A Rant - no response required!

Discussion in 'Officers' started by TheCheerfulSubbie, Feb 10, 2009.

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  1. I have to admit, I’m getting steadily more and more threaders with the job. Don’t get me wrong, I love being an officer. I joined to command soldiers and it’s been one of the most rewarding things in my life.

    But more and more of my old Pl from Sandhurst have seen the light and are leaving at an alarming rate now, and not just those who you’d expect to go (you know the type). I’m talking about Sword of Honour winners, and officers that hold bravery awards for their leadership in Iraq and Afghanistan, who could go all the way to the top jobs.

    I get the feeling that after six years of us being in Iraq and Afghanistan, more and more officers are joining to lead soldiers at Pl level and want to fight. No one tells you that after two years (and in some Battalions, even less) that you’ll be shunted into a Coy 2ic job and a succession of low grade Staff appointments, shuffling paperwork that matter not a jot to the winning of the war. Unsurprisingly, people soon leave. Christ, I can work just as hard in a similar office for twice the money in the City.

    Why is the MCM Div way the only acceptable way? Why can’t I forego a Staff job and stay with my Pl another year or two? Everyone slates Y.O.’s for being clueless, but that’s not surprising as we’re only allowed literally months in the Pl Comds job. Can you imagine how much better we’d be if we were allowed to stay longer and learn more about the system and the men we’re trying to do our very best for?

    I’m tired of seeing the goalposts move time and time again for MK1 and MK2 (latest revision as of today). I’m fed up of trying to find a mentor who is willing to learn the MK package himself so he can give me quality advice. No one has the time to put themselves through all those constantly moving hoops – not the students, not the mentors. And if we’re really trying to encourage initiative and mission command, why are we learning things parrot fashion?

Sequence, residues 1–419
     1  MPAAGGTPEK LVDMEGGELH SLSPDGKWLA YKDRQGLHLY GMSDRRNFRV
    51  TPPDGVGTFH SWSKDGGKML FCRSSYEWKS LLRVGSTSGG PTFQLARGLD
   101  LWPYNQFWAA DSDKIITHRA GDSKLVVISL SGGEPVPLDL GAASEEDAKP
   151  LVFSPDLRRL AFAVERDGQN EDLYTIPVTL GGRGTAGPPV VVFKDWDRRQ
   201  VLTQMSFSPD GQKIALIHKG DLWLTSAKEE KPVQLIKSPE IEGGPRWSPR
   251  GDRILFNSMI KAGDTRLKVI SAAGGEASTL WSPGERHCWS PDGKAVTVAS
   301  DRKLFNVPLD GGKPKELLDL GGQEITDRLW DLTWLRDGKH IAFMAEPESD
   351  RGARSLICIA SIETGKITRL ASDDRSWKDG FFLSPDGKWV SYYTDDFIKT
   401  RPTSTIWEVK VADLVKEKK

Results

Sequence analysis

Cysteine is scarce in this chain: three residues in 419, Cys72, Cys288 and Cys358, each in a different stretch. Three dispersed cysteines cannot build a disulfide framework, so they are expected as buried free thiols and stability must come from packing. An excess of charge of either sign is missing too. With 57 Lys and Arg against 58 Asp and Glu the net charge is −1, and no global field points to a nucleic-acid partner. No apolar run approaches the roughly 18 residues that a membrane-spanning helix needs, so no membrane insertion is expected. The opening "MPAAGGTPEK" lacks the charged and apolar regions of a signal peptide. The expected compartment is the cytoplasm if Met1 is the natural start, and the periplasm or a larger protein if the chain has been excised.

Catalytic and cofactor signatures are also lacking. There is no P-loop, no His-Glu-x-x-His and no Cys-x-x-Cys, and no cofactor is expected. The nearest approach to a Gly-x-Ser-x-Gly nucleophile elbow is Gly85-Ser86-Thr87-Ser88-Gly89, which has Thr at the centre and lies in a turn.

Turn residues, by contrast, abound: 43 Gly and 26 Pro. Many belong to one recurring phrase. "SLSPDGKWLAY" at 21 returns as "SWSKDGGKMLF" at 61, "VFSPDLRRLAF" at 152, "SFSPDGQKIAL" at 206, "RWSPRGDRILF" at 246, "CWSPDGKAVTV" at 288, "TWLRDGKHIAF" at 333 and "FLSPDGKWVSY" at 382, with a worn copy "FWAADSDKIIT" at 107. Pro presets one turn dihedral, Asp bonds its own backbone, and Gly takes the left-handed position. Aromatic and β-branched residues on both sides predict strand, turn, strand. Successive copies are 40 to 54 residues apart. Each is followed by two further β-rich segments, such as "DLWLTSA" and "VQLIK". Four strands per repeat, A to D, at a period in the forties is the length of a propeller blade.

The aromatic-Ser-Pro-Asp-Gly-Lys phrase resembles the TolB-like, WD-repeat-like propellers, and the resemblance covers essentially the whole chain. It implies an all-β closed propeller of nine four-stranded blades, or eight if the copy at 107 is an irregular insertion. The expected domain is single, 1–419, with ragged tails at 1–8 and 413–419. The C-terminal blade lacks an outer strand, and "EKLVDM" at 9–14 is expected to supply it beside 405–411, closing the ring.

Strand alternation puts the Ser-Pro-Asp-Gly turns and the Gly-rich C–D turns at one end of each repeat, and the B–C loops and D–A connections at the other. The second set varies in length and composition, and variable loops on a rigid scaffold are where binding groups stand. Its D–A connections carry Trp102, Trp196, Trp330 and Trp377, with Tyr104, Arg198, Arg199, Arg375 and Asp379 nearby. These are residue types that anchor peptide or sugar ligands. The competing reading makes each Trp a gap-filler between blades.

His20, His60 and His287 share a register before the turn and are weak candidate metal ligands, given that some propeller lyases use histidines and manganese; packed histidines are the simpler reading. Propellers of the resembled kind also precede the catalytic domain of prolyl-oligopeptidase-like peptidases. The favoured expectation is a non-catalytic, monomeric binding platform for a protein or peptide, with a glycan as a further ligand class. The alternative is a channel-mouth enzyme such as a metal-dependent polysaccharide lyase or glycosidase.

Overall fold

Of course we’ve got to do it – it’s cheaper than a residential course.

    I’m bored of filling out H&S Risk Assessments, EASPs and RASPs for every little thing my sub-Unit does. Surely, they must all have been done before by now, for every Regiment in the British Army. Can’t there just be a big file of them somewhere in LAND? I’m frustrated by the fact that I now have to complete all of my soldiers SJARs on JPA and there’s only two DII terminals in the sub-Unit, which makes report time interesting, to say the least.

    I’m annoyed at the system for allowing the scandal which is PAYD ruin my beloved Mess, and the other Messes. If I want to pay for a meal, I’ll go to a restaurant. If I want to eat with my brother officers, I want to come into a full mess, not somewhere that has driven people away with stupid prices and sloppy service.

    I’ve tried to make it as good as I can for the lads. But I really think the system needs a good shake. We’re loosing great officers due to inflexible career profiles that work great for peacetime but badly right now, and badly implemented plans that seem to put profit before our fighting power.

    No wonder I’m threaders….
  2. How many of those officers that are leaving had to do "x" years before getting their inheritance?
  3. Leave, change capbadge, join as a Tom ! You'll love it !
  4. I know you didn't want a response, but you're getting one anyway!

    Standby for some unprompted and probably unwanted advice. Pull up a sandbag.

    Well done, you have now become a disenchanted Coy 2ic. I felt exactly the same 4 years ago. As did nearly everyone of my peers from PCD & Sandhurst. :D

    The bad news is that you are in the classic junior Captain situation of having lost your job platoon commanding ( the only job we joined the Infantry for ) and, unless you get a Sp Pl, you have a succession of shitty Bn Staff jobs to wade through before the next thing which seems worth doing - OC. IO / Ops Offr / RSO / Coy 2ic are bloody annoying and involve all the attendant annoyances of RD - reinvention of the wheel, seemingly nugatory low level paperwork, last minute fastballs, orderly officer duties and feeling that your battalion ( whichever one it is ) is some kind of cursed penal battalion. But, unlike most people in the Bn, you don't feel as if you're on the main effort. When the Coy is out patrolling, and you're left beind with 6 phones, 4 maps, 2 downgraded blokes from the Coy Sigs det and a cup of tea... it hurts doesn't it?! :wink: